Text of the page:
Have you been hurt in a car accident that was not your fault? If so, contact a car accident lawyer in Glen Burnie and Severn right away. Only car accident lawyers are familiar with state negligence law and understand how the system works. Personal injury law mandates that all drivers on the road exercise a certain standard of care. When drivers are negligent—and that negligence results in personal injury—they are liable for any damages that result. Keep reading to learn more about the elements of negligence in car accident cases, including a breached duty of care, direct causation, and demonstrable damages.
As your car accident lawyer will explain, the first element of negligence involves a duty of care and the breach of that duty. In short, if you are hurt, car accident lawyers need to prove that another driver was obligated to be reasonably careful and failed to act carefully. All drivers are legally required to drive carefully, so that element is easily satisfied. A breach of the duty occurs when a driver unreasonably fails to stop at a red light, watch for crossing pedestrians, or follow at a safe distance.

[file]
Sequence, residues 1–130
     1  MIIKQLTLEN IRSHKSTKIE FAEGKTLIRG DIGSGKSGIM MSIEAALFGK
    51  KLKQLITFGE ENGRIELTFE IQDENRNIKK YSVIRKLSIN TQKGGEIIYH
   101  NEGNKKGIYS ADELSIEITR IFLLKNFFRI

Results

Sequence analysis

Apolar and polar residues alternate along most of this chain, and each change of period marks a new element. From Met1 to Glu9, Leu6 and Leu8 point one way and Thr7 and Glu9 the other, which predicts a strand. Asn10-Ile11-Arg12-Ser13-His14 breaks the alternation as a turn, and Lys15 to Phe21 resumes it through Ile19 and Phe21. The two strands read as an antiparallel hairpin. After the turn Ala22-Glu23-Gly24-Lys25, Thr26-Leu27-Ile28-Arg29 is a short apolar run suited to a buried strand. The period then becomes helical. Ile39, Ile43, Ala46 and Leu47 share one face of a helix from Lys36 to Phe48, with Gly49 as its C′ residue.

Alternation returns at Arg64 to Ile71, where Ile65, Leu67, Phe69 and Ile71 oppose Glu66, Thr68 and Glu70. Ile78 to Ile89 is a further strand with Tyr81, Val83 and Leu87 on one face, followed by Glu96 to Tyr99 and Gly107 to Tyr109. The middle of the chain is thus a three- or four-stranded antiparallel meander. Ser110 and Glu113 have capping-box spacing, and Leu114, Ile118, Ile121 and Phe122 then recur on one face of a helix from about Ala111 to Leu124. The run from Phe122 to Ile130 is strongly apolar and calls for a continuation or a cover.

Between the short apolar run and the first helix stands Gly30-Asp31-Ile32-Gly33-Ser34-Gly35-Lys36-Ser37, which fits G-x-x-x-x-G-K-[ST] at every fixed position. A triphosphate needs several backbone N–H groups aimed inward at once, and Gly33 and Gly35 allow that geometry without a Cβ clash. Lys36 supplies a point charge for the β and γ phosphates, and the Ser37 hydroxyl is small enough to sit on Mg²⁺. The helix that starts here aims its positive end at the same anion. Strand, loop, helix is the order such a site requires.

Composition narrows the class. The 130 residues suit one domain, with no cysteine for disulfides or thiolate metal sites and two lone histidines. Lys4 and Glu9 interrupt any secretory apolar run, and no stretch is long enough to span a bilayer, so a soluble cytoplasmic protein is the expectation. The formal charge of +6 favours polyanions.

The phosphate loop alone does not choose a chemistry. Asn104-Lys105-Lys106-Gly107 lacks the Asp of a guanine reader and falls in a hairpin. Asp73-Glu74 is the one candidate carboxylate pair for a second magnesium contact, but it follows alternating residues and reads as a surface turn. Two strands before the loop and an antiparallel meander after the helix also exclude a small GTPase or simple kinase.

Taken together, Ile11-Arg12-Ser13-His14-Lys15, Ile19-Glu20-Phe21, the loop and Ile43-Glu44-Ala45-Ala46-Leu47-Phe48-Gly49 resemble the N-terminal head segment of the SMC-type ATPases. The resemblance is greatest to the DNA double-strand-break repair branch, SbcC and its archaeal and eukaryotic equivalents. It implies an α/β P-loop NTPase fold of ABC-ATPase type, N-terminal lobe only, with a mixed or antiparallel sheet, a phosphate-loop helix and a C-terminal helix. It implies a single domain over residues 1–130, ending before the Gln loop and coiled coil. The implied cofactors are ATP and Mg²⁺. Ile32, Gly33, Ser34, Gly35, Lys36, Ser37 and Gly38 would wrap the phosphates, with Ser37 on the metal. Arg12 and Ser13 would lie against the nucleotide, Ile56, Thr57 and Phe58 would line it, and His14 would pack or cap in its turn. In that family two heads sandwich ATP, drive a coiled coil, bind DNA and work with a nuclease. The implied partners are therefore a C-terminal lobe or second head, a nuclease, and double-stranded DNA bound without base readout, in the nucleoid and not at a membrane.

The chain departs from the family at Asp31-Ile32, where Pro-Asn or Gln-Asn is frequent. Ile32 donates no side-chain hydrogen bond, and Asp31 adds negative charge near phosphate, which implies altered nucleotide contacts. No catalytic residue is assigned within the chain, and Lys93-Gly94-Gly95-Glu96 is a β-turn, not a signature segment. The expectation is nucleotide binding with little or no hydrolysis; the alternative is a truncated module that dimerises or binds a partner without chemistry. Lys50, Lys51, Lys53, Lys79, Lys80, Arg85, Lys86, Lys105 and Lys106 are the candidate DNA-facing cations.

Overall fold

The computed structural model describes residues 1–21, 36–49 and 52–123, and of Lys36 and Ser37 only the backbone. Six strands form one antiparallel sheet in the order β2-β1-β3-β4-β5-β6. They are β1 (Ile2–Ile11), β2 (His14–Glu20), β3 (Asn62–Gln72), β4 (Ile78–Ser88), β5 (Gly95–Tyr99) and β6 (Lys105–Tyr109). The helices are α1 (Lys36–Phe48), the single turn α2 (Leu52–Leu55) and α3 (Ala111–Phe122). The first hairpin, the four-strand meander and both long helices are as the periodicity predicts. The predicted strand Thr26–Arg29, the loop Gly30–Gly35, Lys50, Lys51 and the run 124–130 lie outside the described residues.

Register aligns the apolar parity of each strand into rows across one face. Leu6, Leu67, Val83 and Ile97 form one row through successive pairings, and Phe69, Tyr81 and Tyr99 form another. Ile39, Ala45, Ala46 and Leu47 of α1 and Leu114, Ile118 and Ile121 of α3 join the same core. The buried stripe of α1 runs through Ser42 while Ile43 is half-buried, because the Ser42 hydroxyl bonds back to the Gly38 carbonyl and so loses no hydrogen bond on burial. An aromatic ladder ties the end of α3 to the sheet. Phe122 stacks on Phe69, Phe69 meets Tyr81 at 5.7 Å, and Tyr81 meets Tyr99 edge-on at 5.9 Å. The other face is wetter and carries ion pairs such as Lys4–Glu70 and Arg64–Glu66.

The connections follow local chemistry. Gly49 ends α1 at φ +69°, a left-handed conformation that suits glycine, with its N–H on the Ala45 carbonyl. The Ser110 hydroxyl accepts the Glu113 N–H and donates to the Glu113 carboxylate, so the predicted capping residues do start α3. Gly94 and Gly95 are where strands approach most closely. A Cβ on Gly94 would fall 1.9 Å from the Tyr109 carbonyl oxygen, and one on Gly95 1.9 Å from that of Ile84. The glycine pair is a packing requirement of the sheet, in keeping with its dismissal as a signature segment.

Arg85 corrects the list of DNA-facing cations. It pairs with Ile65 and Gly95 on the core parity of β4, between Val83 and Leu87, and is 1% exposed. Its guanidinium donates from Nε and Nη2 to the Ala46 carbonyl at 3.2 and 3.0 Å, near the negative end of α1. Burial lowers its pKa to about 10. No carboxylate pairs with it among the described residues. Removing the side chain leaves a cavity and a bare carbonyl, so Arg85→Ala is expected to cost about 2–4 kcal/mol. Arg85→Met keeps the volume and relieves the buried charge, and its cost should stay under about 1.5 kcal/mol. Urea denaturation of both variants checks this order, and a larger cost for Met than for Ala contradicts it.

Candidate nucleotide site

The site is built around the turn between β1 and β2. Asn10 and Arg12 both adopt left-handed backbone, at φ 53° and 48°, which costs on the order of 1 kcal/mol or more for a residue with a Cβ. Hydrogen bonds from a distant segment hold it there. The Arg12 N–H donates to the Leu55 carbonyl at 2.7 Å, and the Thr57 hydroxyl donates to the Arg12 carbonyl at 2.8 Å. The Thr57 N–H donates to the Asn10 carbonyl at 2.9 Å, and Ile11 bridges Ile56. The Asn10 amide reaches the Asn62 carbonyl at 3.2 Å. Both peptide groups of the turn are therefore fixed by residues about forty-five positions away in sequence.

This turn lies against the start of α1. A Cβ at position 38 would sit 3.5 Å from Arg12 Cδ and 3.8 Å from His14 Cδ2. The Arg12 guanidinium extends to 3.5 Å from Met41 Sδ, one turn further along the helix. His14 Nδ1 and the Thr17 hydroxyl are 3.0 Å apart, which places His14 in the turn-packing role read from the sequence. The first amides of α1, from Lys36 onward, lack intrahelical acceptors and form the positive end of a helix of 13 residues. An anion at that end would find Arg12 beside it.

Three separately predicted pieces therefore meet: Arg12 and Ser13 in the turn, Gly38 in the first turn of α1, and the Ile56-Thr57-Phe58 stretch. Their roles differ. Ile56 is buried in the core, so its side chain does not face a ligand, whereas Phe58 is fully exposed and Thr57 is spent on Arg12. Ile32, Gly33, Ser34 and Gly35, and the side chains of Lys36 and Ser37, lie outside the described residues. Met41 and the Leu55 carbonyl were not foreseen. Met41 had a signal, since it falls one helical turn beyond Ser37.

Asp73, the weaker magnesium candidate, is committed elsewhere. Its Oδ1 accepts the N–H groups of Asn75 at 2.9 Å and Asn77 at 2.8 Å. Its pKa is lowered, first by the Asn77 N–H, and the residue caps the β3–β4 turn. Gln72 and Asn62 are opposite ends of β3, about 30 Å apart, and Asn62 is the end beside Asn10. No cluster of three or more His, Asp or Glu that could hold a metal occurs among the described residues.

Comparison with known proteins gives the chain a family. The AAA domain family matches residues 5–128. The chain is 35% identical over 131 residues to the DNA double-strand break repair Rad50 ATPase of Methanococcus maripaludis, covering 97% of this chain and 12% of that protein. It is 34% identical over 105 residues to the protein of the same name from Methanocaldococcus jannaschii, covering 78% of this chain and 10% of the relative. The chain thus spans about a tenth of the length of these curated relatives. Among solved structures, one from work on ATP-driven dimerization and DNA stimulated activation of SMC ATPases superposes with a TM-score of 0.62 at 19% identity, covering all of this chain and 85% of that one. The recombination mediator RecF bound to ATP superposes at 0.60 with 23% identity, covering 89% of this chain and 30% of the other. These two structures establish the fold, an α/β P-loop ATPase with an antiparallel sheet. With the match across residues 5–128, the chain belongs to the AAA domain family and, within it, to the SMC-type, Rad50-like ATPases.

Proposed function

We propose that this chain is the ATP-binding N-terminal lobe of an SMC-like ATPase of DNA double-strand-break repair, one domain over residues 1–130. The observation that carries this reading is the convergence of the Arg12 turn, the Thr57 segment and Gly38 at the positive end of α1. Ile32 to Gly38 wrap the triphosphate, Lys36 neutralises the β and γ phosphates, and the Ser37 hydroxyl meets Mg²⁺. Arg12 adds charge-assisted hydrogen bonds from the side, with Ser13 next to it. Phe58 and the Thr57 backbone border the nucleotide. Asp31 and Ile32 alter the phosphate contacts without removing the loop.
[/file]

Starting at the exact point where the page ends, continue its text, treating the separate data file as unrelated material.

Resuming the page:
Car accident attorneys also need to show the court that the other driver’s failure to drive carefully directly caused your injury. Even if another driver does not stop at a stop sign, rear ends your vehicle, and you suffer an injury, the driver is only liable if his failure to stop directly caused your injury. For example, if you suffer a back injury but have had longtime back problems, your car accident lawyer will need to show that your recent injury is directly attributable to the other driver.
The final step in proving negligence is showing damages. Damages are injuries for which you may be compensated. Common examples of car accident damages include lost wages, diminished employment opportunities, medical bills, and pain and suffering. If you suffer a minor injury that requires no medical care or time off work, you will not have a car accident claim.